My time off work is in its fifth month.
I couldn’t have imagined taking time off like this before. It has been a journey, and often I lack credit to myself for the things I have learned and the shift in mindset I have made.
As we turn our thoughts to leaving, we have yet to start getting rid of things. We are packed in a house surrounded with artifacts and relics of the lives we lived before our son, in his early years, and the years of the pandemic. Among the piles of our past selves we have been cocooned, gestating on our next form, the next life, and the things which we may take with us to build our next nest.
Most of this stuff is going to go. Most of it has no purpose or point aside from gathering dust. I have watches for a wrist which rarely wears one. I have out of date computers and tech from a time when I needed many, or at least thought I did in service to my career. There are trinkets and tchotchkes and a weird tea set which is pretty cool but not anything I will ever use again. There is more alcohol than we can drink, more clothes than we can wear, and more toys than we can ever play with.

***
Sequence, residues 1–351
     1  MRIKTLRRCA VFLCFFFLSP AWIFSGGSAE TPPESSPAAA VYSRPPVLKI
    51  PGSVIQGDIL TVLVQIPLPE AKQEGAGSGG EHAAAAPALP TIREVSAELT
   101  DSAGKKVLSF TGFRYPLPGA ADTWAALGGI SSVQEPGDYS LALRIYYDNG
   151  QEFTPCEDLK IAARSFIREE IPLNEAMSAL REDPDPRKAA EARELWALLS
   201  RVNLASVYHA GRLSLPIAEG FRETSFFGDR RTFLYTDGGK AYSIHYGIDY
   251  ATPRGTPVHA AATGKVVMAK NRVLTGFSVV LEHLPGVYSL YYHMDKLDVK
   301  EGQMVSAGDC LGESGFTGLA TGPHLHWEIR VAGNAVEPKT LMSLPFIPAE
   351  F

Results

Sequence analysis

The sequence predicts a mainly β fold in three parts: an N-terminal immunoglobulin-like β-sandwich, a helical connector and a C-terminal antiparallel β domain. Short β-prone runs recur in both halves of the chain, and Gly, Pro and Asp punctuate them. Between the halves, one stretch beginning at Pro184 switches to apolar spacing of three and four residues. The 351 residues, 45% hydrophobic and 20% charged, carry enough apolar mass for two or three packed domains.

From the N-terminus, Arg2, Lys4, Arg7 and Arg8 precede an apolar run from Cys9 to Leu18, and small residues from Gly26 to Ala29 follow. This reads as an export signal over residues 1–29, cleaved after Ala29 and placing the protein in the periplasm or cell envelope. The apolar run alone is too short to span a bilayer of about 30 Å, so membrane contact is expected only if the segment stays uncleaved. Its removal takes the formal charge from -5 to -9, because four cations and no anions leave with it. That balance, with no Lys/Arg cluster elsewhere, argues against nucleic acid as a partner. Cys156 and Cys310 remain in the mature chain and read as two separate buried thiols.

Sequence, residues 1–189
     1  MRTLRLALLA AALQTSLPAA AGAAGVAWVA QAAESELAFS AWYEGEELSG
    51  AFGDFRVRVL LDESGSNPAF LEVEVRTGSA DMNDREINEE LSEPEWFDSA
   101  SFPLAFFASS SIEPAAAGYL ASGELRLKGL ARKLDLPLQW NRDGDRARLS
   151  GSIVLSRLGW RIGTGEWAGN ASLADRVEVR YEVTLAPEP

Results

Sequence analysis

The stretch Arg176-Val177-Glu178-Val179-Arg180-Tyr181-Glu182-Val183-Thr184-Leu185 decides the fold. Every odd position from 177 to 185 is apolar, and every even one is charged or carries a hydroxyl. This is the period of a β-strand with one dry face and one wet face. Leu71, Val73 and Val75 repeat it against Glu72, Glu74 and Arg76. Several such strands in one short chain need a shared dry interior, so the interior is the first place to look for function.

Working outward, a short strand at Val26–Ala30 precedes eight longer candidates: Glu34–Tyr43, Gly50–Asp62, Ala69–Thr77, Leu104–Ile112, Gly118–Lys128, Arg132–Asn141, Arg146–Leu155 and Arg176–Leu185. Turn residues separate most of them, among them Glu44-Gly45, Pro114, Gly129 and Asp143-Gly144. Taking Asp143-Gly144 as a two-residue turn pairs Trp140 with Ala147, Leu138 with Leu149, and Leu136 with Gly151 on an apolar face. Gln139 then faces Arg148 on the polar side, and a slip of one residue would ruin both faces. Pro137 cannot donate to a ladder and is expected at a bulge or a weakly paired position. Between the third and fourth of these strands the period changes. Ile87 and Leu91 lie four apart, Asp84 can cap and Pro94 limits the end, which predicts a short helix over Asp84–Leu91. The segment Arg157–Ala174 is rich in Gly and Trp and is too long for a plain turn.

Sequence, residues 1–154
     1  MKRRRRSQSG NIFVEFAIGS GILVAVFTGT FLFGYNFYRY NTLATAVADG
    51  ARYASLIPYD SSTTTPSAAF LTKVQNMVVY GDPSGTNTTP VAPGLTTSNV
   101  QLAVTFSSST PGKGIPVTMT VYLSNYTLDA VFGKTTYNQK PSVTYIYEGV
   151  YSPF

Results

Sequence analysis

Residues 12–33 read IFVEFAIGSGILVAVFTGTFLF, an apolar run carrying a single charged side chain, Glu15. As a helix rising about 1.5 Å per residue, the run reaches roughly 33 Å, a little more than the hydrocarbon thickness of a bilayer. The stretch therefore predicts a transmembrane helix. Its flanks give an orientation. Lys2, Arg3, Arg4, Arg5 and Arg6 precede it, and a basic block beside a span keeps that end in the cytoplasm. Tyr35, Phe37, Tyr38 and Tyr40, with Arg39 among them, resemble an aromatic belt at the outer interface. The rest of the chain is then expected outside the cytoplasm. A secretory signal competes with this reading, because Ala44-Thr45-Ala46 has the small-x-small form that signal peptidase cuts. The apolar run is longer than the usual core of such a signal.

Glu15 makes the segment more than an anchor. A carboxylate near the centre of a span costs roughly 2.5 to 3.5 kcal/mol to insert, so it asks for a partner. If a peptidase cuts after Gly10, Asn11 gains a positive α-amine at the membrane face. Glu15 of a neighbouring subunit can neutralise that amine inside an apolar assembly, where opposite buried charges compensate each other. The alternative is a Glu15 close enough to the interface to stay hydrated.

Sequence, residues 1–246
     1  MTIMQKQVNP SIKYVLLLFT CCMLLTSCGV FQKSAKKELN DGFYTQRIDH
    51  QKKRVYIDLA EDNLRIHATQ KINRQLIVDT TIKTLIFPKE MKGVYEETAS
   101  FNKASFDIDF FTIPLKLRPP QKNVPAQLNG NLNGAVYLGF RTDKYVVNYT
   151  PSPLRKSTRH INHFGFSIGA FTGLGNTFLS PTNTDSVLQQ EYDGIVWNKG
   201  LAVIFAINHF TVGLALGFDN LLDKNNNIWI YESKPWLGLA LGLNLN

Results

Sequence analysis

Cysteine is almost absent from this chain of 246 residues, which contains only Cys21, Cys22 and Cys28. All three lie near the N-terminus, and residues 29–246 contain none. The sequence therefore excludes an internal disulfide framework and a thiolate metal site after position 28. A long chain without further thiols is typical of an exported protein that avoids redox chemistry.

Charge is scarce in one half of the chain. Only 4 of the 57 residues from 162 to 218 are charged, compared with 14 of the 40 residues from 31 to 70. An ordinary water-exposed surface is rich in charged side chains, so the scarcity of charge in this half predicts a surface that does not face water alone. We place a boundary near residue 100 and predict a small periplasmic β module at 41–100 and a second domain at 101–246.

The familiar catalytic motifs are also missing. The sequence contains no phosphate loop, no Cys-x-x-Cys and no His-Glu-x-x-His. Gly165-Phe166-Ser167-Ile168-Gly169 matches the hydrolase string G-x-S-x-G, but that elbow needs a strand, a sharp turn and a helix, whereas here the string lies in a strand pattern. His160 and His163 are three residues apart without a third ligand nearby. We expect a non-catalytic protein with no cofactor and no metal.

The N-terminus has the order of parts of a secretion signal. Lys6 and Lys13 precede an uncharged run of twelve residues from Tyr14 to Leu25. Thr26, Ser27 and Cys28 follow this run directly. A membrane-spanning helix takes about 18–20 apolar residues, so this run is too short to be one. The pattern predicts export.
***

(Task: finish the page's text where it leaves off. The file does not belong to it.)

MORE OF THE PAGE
Our home is a stockpile of abundance, but that wasn’t what has made us happy. We have been happy when we have had a clear sense of enough. What is the least we need at this moment, in this day? A steady and secure home to live in. Food to eat. A book or two to read. A few personal things which serve often enough to have their own daily place.
What point is there in holding onto clothes we don’t wear, games we don’t play, computers we don’t use, devices long out of date, books we don’t read, dishes we don’t eat from, and countless other things packed in boxes we haven’t opened in years? None of these add to our happiness. With too much, they add to our stress and cost of living.
This isn’t an essay on minimalism. I’m not a minimalist, and I don’t think I could ever be by choice. There is a practical matter of how much stuff you have, especially when you’re about to move. There is a mental aspect of how much you’re keeping track of on your own mental ledger of assets. Those things tucked away in the storage closet downstairs are holding onto some neurons you may require for other things.
While I don’t know what our future life will look like, I know enough about it, and me, to know I won’t need as much. We can start the work of setting ourselves up for that by clearing out some of this old stuff now.